Posted by Robyn Smith and Rebecca Atencio
A document recently discovered moldering in the archives of the Human Rights Council of Minas Gerais (Conselho de Direitos Humanos de Minas Gerais) reveals that during the dictatorship current President Dilma Rousseff was tortured in the town of Juiz de Fora. The document consists of testimony that Dilma gave to the Council roughly a decade ago (for excerpts in English, see here). In it, she describes the various forms of torture she experienced while in Minas Gerais in 1972, including electrical shocks, parrot’s perch, and punches to the face resulting in damage to her teeth.
Prior to the discovery of Dilma’s testimony, it was believed that she had been tortured solely in São Paulo and Rio. The fact that the president has never publicly revealed this information herself is not exactly surprising, since she has tended to be very close-mouthed about her experiences in the torture chamber, possibly to fend off accusations of being revanchista (a politically-loaded term meaning “vengeful” that apologists of the military regime often deploy in an attempt to undercut the credibility of those who demand memory and justice).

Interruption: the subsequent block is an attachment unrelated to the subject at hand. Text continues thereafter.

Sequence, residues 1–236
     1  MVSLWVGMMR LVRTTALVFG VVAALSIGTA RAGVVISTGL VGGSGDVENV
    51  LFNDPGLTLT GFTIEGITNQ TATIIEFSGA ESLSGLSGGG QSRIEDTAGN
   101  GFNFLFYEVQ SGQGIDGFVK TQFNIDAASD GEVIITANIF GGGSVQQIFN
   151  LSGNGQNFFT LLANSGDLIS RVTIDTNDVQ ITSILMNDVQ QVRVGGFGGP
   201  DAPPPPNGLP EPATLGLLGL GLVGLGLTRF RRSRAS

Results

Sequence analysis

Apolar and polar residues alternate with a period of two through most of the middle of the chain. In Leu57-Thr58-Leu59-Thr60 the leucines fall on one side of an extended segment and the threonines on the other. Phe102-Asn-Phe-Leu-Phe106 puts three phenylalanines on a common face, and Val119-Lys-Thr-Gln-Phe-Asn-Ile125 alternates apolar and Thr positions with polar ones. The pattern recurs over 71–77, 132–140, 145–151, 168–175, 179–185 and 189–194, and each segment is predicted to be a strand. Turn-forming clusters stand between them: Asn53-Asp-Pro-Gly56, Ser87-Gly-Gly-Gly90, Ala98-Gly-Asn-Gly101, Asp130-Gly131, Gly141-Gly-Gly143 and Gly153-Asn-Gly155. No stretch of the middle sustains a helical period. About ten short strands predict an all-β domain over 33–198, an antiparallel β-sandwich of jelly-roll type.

As journalist Sandra Kiefer writes in the Correio Braziliense, “Whether out of discretion or as a precaution, Dilma has always avoided speaking about her torture. She has never given testimony for inclusion in human rights archives nor the anthology Women who Joined the Armed Struggle, edited by Luiz Maklouf in 1998. Only later, in 2003, did Maklouf manage to get Dilma to relate details about the torture she endured as a political prisoner in Rio de Janeiro and São Paulo [but not in Juiz de Fora].”
The document was handed over to the National Truth Commission where it will serve as important evidence of the existence of a torture center in Juiz de Fora. Commission coordinator Gilson Dipp says he was “shocked” by the revelation. The Truth Commission believes that more documents exist regarding the torture that occurred in Juiz de Fora and will be using the newly discovered document to learn about other victims’ experiences. Moreover, the Commission has announced it will send a task force to Belo Horizonte to examine the archive in hopes of uncovering more new information.